Low Refrigerant Levels
Chlorodifluoromethane, also known as R22, is the name for the refrigerant that central air units use. This could be a cause for a frozen central air unit. The physical properties of this refrigerant can change based on different levels of pressure. When it is functioning normally, the R22 refrigerant passes at a temperature at which condensation might form on the outside as it passes through the lines.
A change in pressure will cause the R22 to react differently. Moisture will condense, freezing the coils. Ice forms when warm air originating from the home circulates over the evaporator.
Minor frost issues may not cause noticeable changes in performance. However, when too much ice forms, it will insulate the central air system, preventing it from working correctly. The refrigerant will evaporate quickly.
Once refrigerant levels are too low, the air conditioner can no longer freeze the line. Cooling from the system will no longer occur, even if the ice melts and airflow problems stop. There is potential for water damage when the central air system doesn’t cool anymore.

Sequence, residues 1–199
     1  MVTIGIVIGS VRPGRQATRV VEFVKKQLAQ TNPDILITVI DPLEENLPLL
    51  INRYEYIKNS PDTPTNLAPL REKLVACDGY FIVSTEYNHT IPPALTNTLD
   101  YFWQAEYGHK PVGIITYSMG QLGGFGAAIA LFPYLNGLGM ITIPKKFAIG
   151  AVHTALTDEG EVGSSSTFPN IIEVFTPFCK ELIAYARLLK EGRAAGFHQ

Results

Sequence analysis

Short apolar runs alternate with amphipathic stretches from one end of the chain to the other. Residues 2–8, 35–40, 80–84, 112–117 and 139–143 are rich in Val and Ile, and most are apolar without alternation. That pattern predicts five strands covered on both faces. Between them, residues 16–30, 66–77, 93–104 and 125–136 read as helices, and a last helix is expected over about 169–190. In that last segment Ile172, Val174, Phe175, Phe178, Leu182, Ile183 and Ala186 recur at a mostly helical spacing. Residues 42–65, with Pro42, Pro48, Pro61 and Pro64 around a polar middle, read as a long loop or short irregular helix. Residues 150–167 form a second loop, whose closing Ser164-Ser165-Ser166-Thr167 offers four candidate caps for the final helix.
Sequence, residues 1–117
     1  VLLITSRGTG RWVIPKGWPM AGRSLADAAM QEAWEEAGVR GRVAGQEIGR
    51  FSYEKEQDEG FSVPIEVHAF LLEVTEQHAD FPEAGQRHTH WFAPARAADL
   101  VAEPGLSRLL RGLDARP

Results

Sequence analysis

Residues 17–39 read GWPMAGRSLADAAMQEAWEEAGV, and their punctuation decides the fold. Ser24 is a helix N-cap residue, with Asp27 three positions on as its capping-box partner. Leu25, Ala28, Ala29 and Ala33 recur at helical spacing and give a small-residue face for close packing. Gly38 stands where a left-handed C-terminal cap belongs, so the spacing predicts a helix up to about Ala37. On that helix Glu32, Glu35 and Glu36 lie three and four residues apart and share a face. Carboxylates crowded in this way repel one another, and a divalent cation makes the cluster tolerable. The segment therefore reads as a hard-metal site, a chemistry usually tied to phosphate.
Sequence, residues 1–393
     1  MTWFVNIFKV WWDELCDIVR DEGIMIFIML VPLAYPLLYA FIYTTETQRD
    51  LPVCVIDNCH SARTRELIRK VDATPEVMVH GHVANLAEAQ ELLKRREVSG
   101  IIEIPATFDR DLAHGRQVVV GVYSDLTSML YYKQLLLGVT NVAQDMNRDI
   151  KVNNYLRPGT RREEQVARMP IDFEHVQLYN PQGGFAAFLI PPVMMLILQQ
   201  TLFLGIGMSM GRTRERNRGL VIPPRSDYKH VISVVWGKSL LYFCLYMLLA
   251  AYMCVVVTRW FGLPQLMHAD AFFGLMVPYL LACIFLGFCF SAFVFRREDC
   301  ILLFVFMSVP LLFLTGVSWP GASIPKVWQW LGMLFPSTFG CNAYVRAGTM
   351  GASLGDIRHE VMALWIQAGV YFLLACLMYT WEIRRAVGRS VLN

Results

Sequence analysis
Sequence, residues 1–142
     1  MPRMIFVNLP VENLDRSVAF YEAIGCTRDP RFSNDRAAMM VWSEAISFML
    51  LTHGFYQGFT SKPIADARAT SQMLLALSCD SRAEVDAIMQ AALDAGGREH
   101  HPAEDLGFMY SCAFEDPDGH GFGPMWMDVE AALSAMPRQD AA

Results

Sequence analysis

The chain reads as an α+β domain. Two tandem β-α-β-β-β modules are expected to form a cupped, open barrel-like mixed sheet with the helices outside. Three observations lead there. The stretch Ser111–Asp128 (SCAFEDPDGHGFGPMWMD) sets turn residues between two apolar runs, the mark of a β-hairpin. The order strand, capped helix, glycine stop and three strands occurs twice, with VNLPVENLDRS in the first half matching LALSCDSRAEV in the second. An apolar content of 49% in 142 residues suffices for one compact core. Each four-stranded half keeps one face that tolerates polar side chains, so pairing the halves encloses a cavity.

The temperature that’s set on a thermostat could be the culprit behind a frozen unit. When a thermostat is set too low or is faulty, an air conditioner might run constantly. This will cause the temperature of the condenser to eventually drop to below freezing. Temperatures set below 60 degrees Fahrenheit will not function properly for most outdoor units. Temperatures that are set too low during the night can also cause operational problems and freeze a central air system.
If a central air unit is constantly turning on, try some of these remedies to see if the thermostat is faulty:
- Check for dirt and residue
- Ensure that the box is level
- Set the temperature lower or higher to determine if it affects how long the unit stays on
A dirty coil is another common cause of a frozen central air unit. This happens when ice is obstructing the airflow of the system. A little bit of frost can turn into a solid block of ice. Air conditioners dehumidify a home in addition to cooling it by pulling water out of the air. This can cause the condensation to build up on the evaporator coils.
There is a drip pan that collects these condensation droplets that fall off the coil. An overflowing drip pan will not operate normally and will result in the coils becoming full with water, eventually freezing. It’s also possible for dirty coils to cause freezing. When a layer of dirt forms on top of the coils, it prevents water absorption to occur quickly.
Call an HVAC Professional to Examine Your System
A frozen central air unit most likely needs to be examined by a professional to identify the cause of the problem. Regular AC maintenance t will also help prevent these issues from turning into bigger more costly issues.
The professionals at Presidential Heating and Air Conditioning, Inc. in Gaithersburg, MD have been providing expert advice since 1982. Schedule your analysis today using their online system or by calling them at 301.615.2760.